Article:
Ocean trails – Andaman & Nicobar Islands

Tripoto
17th Apr 2014

With my diving instructor

Photo of Ocean trails – Andaman & Nicobar Islands by Nupur Desai

Radhanagar beach number 5

Photo of Ocean trails – Andaman & Nicobar Islands by Nupur Desai
Photo of Ocean trails – Andaman & Nicobar Islands by Nupur Desai

When the beach closes, this remains

Photo of Ocean trails – Andaman & Nicobar Islands by Nupur Desai

Post tsunami ruins

Photo of Ocean trails – Andaman & Nicobar Islands by Nupur Desai
Photo of Ocean trails – Andaman & Nicobar Islands by Nupur Desai

My recent trip with my cousin was a quick getaway to the most stunning Andaman & Nicobar Islands. Situated in the east of India in the Bay of Bengal, the Andaman & Nicobar islands, popularly referred to as the ‘Andamans’ consist of 572 islands, only 36 of which are inhabited. A visit to this part of India needs more than just a couple of days as significant time may get spent traveling between destinations. Our journey originated in Mumbai, with a flight to Kolkata that takes about two and a half hours.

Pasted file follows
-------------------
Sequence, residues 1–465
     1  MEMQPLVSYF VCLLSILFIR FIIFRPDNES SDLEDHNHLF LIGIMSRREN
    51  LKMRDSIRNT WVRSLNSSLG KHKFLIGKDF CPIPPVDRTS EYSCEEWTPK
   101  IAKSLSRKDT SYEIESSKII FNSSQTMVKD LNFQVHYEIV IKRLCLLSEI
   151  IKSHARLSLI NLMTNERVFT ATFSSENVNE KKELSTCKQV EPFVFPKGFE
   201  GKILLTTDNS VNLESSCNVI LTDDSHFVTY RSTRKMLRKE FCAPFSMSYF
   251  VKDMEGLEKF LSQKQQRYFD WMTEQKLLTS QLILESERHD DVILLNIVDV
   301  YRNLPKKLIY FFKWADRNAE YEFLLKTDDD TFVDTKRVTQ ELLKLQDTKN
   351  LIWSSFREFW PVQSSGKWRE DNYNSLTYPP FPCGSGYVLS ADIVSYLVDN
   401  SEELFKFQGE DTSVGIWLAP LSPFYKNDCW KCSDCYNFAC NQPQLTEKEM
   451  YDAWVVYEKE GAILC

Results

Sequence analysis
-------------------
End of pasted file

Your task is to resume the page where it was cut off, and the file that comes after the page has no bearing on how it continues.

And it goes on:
Kolkata to Port Blair, the capital of the Andamans is another two-hour flight. Direct flights are available from Kolkatta and Chennai only. An interesting option for those that have the time is to go via the sea. Ships are available from Vishakapatnam, Kolkatta and Chennai; however the frequency of the same is not very good and the voyage lasts four to five days. A word of caution to those exploring this option though, is that the ship is not a cruise liner and comes without any entertainment facilities. Also, the ship schedules are usually announced only a month in advance so this option may not be conducive for impromptu plans. We reached Port Blair mid-afternoon with a plan to stay one night before moving to Havelock, one of the popular islands in the Andamans, the next morning. Port Blair itself is a small city that sleeps early. While there are a few places that tourists usually visit, we chose to stick to my hunt for good fun and take long walks instead. The city is safe and the people, warm.